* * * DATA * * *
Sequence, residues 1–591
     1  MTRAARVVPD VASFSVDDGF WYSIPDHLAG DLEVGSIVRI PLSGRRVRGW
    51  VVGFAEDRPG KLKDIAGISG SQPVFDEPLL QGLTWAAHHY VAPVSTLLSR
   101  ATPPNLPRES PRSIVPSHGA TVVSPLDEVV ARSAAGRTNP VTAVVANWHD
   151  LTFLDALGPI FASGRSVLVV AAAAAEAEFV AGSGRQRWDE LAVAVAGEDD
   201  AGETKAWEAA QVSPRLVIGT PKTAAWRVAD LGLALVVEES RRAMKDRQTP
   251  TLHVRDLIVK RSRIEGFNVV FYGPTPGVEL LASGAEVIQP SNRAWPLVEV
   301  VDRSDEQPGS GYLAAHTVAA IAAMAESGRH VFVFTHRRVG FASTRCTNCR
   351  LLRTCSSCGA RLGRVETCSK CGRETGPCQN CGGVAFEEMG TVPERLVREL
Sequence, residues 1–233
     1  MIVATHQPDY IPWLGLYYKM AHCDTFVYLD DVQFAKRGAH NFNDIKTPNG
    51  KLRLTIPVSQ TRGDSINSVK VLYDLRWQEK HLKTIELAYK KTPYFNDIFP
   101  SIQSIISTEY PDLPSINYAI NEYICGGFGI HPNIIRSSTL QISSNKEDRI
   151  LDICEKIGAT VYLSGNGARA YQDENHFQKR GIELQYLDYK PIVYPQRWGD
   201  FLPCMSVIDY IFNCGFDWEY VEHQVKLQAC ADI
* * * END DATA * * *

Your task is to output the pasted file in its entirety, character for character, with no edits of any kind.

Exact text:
Sequence, residues 1–591
     1  MTRAARVVPD VASFSVDDGF WYSIPDHLAG DLEVGSIVRI PLSGRRVRGW
    51  VVGFAEDRPG KLKDIAGISG SQPVFDEPLL QGLTWAAHHY VAPVSTLLSR
   101  ATPPNLPRES PRSIVPSHGA TVVSPLDEVV ARSAAGRTNP VTAVVANWHD
   151  LTFLDALGPI FASGRSVLVV AAAAAEAEFV AGSGRQRWDE LAVAVAGEDD
   201  AGETKAWEAA QVSPRLVIGT PKTAAWRVAD LGLALVVEES RRAMKDRQTP
   251  TLHVRDLIVK RSRIEGFNVV FYGPTPGVEL LASGAEVIQP SNRAWPLVEV
   301  VDRSDEQPGS GYLAAHTVAA IAAMAESGRH VFVFTHRRVG FASTRCTNCR
   351  LLRTCSSCGA RLGRVETCSK CGRETGPCQN CGGVAFEEMG TVPERLVREL
Sequence, residues 1–233
     1  MIVATHQPDY IPWLGLYYKM AHCDTFVYLD DVQFAKRGAH NFNDIKTPNG
    51  KLRLTIPVSQ TRGDSINSVK VLYDLRWQEK HLKTIELAYK KTPYFNDIFP
   101  SIQSIISTEY PDLPSINYAI NEYICGGFGI HPNIIRSSTL QISSNKEDRI
   151  LDICEKIGAT VYLSGNGARA YQDENHFQKR GIELQYLDYK PIVYPQRWGD
   201  FLPCMSVIDY IFNCGFDWEY VEHQVKLQAC ADI